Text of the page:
Written by Tom de Aizpurua
Major cities can play a vital role in creating biodiversity gains through Nature Based Solutions (NBS). Finding space in dense and heavily congested urban environments is difficult, but research conducted at ICON Science shows that remodelling redundant car spaces to make way for green space could solve many city issues, including of flood management and over-heating, while making significant biodiversity gains. We investigated how this thinking could be applied to the City of Melbourne to help overcome the significant challenges of biodiversity loss, urban heat island effects and flooding. You read the full paper here.
To find space suitable for NBS, we collated up to 11,668 redundant on-street car parking spaces. These spaces represent 47% of the total on-street spaces in the city and cover approximately 50ha of impermeable land. There are 193,500 garage spaces scattered across the city that are either vacant or are underused. The proposed plan focused on remodelling only redundant on-site parking located within a 200m distance to ‘commercial’, ‘residential’ or ‘private’ garage parking, allowing acceptations for disabled and delivery parking. These spaces were replaced with parklets (see figure 1 below), designed following Biodiversity Sensitive Urban Design (BSUD) principles, also accommodating different social uses – such as outdoor dining spaces for commercial areas.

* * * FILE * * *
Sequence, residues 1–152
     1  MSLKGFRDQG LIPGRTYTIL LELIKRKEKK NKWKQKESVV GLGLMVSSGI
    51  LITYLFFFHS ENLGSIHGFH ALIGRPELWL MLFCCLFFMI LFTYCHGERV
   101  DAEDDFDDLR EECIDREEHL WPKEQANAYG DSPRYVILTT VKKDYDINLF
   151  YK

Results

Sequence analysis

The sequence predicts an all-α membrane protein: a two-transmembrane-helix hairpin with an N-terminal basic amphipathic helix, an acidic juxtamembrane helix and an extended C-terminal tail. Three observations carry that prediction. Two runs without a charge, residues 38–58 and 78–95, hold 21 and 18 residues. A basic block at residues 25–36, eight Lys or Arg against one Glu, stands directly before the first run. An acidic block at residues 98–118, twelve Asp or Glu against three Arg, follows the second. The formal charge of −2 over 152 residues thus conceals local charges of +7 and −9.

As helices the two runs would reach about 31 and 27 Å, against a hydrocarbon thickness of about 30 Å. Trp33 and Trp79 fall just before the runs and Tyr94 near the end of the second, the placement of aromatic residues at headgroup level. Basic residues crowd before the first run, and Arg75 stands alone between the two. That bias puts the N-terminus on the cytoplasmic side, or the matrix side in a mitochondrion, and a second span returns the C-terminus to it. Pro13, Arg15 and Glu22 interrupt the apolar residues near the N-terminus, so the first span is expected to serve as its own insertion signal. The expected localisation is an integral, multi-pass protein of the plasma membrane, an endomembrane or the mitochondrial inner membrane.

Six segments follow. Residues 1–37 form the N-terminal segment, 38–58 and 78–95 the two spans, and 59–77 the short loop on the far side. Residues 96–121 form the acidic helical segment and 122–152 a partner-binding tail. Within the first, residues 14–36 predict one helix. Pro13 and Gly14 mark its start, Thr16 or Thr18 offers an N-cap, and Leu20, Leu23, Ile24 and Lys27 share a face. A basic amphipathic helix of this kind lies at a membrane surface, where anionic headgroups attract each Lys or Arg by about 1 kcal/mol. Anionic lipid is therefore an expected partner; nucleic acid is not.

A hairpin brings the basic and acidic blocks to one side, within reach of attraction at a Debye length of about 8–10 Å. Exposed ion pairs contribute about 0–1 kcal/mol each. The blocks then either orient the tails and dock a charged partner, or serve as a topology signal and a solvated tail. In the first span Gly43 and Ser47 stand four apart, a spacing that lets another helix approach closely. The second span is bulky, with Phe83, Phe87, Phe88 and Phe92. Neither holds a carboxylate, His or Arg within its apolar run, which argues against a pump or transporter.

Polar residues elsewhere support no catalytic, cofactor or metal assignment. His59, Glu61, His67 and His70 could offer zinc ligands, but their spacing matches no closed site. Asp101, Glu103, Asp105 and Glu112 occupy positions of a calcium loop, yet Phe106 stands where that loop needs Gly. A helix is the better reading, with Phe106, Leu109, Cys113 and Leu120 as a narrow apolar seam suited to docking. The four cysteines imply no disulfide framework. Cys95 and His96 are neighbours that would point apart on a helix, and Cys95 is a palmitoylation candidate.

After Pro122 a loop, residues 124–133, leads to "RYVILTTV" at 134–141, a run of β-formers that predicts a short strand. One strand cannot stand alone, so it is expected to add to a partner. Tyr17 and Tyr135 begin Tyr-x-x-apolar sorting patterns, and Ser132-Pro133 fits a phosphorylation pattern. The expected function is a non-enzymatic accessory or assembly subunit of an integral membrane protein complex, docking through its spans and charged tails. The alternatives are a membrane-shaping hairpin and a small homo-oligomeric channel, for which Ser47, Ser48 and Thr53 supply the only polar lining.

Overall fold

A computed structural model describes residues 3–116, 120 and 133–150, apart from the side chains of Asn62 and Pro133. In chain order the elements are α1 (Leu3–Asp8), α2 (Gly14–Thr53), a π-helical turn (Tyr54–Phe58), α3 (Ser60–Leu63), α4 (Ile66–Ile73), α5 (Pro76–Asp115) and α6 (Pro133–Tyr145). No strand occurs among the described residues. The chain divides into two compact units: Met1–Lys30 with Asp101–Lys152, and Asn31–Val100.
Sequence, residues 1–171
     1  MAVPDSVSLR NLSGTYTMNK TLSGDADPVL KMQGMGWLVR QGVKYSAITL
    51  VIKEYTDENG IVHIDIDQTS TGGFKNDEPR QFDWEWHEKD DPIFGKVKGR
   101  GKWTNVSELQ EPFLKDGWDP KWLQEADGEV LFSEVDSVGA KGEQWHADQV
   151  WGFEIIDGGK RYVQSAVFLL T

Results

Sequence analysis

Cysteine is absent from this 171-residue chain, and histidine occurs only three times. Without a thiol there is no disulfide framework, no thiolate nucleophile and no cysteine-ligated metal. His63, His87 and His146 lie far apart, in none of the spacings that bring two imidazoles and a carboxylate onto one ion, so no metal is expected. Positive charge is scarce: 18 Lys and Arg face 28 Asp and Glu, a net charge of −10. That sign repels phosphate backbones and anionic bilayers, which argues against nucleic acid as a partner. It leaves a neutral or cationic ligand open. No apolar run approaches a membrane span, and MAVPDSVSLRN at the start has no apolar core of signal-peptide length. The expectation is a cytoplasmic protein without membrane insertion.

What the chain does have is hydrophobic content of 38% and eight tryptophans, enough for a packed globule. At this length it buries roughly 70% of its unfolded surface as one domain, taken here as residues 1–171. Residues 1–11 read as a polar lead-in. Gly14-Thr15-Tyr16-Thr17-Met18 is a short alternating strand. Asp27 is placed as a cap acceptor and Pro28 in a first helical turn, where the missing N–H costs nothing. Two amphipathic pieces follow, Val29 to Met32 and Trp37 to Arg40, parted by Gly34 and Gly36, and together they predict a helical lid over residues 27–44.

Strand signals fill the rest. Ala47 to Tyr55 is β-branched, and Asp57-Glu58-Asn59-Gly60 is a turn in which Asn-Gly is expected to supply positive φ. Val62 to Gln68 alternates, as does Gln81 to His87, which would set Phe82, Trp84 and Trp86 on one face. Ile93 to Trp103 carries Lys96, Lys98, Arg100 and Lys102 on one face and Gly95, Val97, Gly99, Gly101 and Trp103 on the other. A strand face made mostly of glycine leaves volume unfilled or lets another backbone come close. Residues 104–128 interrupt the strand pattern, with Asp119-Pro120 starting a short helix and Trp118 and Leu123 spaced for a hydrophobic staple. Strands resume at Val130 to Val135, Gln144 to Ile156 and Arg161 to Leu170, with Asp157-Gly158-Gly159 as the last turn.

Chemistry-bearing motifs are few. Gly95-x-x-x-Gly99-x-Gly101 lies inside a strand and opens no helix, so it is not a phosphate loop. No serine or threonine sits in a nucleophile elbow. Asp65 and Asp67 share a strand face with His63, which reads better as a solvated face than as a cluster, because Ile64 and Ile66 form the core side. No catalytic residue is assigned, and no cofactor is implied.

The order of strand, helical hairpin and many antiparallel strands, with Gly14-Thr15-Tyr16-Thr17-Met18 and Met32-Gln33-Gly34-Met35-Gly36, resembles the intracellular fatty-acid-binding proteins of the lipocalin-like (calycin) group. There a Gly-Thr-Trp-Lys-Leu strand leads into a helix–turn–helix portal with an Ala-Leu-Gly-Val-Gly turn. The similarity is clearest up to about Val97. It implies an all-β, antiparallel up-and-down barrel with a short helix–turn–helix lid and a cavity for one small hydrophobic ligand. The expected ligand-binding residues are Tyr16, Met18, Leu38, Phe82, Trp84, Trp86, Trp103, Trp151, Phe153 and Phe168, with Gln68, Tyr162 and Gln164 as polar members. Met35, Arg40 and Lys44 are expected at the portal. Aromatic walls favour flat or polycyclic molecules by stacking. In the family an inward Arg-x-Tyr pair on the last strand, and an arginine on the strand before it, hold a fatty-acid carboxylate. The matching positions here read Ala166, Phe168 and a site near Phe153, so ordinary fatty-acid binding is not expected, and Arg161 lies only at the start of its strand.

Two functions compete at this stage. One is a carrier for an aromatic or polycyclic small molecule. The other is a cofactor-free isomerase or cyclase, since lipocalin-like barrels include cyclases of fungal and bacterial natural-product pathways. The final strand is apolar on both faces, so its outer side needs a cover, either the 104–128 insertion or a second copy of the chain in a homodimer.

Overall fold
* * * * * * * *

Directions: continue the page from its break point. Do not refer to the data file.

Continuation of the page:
Conversion of redundant on-street parking to small green spaces could result in an increase of up to 59ha of tree canopy cover, adding to the already 254ha of current cover and contributing to a third of the City of Melbourne’s target of 40% tree canopy cover on public land by 2040. The tree plantings selected in the project include Allocasuarina, Eucalyptus and Melaleuca species, all of which provide an ecological benefit that allows for habitat connectivity.
The re-modelled parking spaces can act as important biodiverse stepping stones, supporting charismatic native wildlife such as the Blue Banded Bee (Amegilla cingulata) and the New Holland Honeyeater (Phylidonyris novaehollandiae). This project observed greater connectivity outcomes for the New Holland Honeyeater, but the Blue Banded Bee showed the most improvement.
The proposed rain garden design can capture up to 27 tonnes of gross pollutants, over 200 tons of sediment as well as nutrient pollutants such as nitrogen and phosphorus, exceeding the sediment and phosphorus targets outlined by City of Melbourne’s 2009 total watermark strategy.
This project identified that a total of 24.5 ha of car space could be de-paved in the City of Melbourne. That equated to approximately 1.5 and 6 city blocks. Additionally, there is up to 7.7ha of de-paving opportunities within the flood prone Elizabeth Street Catchment. This is a major contribution to the 65ha flood management target outlined by the City of Melbourne.